Living with your partner and the law (Part 2)

Last week I discussed the introduction of a new Act called the Civil Partnership and Certain Rights and Obligations of Cohabitants 2010. As a continuation, the Act also introduces significant changes in relation to the estate of a deceased cohabitant. Effectively the Act largely brings a cohabitant materially within the same remit as that of a husband or wife. What exactly does this mean for a cohabitant?
Well, if you satisfy the court as being a ‘qualified cohabitant’ which was defined in my article last week, then you may make an application for provision out of the estate of the deceased cohabitant. Remember, at the very least you must have been with your cohabitant and partner for 2 years where there are children of the relationship and five years otherwise.
Such an application will need to be made not later than 6 months from the grant of probate / administration. When the court is considering whether you, as a qualified cohabitant should have an Order made in your favour it will consider matters such as whether you are financially dependant, whether you are now married, whether a bequest was made by your partner and the other interests of any beneficiaries in the will. The total value of the provision for a cohabitant cannot exceed that which you would have received if you had been married to the deceased.
One thing that is very clear in the Act is that any Order relating to the share of a cohabitant out of the estate cannot affect the legal right share of a surviving spouse. Hence, if you were living with someone who has a living husband or wife, their share is protected.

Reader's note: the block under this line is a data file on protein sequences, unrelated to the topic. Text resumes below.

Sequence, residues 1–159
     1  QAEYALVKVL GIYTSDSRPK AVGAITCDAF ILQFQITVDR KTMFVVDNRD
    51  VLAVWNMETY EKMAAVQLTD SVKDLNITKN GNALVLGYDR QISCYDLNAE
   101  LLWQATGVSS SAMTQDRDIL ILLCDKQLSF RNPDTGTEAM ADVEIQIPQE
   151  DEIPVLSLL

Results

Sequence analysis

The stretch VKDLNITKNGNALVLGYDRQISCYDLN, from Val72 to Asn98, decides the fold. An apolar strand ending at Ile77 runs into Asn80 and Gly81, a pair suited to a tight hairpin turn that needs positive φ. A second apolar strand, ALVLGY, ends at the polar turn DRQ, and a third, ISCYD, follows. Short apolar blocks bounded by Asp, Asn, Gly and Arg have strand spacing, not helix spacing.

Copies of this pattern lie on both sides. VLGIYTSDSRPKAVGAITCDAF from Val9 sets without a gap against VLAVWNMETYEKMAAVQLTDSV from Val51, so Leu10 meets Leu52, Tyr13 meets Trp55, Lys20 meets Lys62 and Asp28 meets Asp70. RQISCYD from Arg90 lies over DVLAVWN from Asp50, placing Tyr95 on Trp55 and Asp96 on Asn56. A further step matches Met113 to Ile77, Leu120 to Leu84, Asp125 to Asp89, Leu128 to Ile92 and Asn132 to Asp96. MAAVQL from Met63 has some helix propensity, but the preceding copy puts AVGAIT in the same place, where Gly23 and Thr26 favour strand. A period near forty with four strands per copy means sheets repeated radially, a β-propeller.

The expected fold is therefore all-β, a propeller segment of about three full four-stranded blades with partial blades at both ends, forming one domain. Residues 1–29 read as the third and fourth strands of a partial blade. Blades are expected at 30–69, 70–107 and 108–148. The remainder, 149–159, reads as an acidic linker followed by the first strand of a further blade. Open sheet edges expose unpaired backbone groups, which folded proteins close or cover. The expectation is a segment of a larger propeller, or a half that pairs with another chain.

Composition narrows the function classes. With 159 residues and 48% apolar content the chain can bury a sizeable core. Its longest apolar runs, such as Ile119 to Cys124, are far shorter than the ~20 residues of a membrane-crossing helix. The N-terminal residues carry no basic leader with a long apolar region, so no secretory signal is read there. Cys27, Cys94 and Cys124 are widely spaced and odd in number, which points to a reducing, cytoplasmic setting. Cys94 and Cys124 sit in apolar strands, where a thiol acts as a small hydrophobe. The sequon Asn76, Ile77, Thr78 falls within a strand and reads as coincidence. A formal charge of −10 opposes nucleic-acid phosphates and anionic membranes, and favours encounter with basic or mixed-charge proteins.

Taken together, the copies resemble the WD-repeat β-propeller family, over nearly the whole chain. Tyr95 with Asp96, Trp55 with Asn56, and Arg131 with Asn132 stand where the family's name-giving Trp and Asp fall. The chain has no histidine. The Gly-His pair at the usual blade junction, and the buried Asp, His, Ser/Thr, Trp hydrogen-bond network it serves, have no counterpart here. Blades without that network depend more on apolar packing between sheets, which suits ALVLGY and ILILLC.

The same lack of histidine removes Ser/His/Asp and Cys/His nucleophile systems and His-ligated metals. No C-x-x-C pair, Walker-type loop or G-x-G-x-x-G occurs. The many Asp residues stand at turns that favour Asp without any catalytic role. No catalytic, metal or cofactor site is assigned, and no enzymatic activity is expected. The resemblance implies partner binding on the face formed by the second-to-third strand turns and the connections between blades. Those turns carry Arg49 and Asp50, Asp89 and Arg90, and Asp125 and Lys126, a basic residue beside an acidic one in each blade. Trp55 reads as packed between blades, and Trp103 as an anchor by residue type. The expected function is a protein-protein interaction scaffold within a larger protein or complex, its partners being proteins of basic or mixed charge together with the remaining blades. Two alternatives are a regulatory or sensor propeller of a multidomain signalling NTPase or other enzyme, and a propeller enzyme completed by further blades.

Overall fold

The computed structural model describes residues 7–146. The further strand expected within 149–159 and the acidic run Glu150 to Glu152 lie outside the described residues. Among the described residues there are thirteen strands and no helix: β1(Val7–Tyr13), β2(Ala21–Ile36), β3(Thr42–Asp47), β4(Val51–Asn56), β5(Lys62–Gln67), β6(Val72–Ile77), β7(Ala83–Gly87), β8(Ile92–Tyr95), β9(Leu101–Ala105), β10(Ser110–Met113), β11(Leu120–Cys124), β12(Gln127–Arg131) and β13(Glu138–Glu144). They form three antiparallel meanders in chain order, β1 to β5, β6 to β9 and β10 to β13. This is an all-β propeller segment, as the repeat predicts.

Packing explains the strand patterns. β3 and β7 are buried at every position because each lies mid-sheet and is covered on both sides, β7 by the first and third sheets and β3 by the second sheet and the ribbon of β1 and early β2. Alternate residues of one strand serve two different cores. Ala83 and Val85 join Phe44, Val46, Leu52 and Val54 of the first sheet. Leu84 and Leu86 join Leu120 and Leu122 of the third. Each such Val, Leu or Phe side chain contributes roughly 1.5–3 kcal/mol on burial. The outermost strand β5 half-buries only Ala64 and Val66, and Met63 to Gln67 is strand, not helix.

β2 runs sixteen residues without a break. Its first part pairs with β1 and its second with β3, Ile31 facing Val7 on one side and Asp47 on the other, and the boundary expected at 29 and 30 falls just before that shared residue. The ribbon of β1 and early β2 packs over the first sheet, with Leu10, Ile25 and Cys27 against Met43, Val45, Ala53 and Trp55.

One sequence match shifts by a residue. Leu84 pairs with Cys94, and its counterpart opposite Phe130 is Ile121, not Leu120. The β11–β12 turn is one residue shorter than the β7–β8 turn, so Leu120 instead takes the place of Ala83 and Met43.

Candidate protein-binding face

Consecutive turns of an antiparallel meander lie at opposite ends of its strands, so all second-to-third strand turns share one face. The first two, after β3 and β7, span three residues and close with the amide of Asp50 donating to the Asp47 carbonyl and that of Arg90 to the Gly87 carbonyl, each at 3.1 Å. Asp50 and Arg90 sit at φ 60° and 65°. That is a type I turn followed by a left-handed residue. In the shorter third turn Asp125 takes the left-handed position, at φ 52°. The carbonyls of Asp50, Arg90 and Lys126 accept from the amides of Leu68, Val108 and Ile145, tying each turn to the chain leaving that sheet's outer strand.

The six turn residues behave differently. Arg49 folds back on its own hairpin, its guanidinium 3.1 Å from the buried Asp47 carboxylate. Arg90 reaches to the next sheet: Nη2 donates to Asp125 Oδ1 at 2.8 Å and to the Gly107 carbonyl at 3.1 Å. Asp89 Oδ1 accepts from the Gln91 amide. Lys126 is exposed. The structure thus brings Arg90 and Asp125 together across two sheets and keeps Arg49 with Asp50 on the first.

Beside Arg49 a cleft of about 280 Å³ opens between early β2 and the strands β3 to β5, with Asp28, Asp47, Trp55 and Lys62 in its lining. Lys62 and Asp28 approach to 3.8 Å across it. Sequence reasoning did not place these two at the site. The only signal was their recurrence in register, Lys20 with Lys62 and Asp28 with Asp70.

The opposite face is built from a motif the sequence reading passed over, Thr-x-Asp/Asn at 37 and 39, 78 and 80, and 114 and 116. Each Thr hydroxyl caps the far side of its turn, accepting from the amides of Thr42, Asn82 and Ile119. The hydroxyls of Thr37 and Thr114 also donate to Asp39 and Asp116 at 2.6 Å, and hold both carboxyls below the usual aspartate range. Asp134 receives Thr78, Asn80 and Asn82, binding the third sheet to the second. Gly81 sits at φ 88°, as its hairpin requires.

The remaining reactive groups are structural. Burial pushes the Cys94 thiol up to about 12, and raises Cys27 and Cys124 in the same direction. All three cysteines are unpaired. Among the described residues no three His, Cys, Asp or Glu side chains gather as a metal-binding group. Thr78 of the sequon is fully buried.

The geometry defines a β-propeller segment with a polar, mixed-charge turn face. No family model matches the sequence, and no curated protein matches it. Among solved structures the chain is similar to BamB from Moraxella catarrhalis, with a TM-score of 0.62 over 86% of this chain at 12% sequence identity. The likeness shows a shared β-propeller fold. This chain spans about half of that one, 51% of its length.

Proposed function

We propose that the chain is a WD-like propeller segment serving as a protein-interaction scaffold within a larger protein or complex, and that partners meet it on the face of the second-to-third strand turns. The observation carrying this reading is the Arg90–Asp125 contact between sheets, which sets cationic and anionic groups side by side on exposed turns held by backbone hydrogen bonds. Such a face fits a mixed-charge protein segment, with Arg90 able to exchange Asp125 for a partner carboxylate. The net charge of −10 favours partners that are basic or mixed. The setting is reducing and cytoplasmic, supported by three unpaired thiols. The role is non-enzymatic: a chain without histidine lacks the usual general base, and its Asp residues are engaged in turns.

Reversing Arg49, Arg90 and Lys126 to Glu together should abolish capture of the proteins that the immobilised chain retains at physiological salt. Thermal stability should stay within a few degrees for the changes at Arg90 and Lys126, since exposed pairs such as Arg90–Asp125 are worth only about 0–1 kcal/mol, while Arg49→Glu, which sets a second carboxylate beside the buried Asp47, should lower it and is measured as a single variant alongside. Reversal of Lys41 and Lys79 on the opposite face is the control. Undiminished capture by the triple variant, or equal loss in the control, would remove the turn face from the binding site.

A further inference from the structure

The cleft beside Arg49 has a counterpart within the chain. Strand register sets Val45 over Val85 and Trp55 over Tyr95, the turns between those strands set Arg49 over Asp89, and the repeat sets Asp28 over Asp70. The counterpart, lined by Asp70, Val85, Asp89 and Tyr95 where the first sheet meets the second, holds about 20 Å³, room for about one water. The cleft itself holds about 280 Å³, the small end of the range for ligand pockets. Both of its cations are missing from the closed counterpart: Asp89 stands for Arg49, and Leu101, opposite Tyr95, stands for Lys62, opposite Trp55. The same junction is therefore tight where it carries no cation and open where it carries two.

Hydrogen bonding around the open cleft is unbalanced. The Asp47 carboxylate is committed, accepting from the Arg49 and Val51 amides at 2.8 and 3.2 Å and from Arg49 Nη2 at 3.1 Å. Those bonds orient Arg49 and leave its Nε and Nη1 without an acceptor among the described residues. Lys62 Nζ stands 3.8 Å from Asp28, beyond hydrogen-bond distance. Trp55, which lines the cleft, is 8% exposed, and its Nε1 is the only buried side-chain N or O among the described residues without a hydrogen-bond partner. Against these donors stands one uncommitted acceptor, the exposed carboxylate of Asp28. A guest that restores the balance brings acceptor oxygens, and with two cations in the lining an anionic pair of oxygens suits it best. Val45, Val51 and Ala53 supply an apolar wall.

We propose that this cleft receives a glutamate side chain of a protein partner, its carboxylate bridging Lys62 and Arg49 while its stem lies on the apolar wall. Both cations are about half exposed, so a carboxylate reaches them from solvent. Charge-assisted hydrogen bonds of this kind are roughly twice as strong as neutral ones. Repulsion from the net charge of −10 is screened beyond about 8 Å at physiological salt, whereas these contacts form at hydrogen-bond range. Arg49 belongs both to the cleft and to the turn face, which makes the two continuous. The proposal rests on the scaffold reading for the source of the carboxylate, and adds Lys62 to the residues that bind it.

As well as creating new rights for cohabitants this new Act contains a new parcel of rights for same sex couples who register as civil partners. The Civil Partner is now afforded a right to a share in the estate of their deceased civil partner provided the civil partnership has been registered.
The Act specifically states that where a deceased civil partner has made a will and leaves a civil partner and no children then the surviving civil partner shall have a right to claim one half of the estate. Where the deceased civil partner has made a will and leaves a civil partner and children then the surviving civil partner shall have a right to claim one third of the estate. However, where the deceased civil partner has not made a will and leaves  a civil partner and children then the surviving civil partner takes two thirds of the estate and where there are no children the surviving civil partner takes the whole estate. The surviving civil partner also has a right to seek to avail of hardship provisions.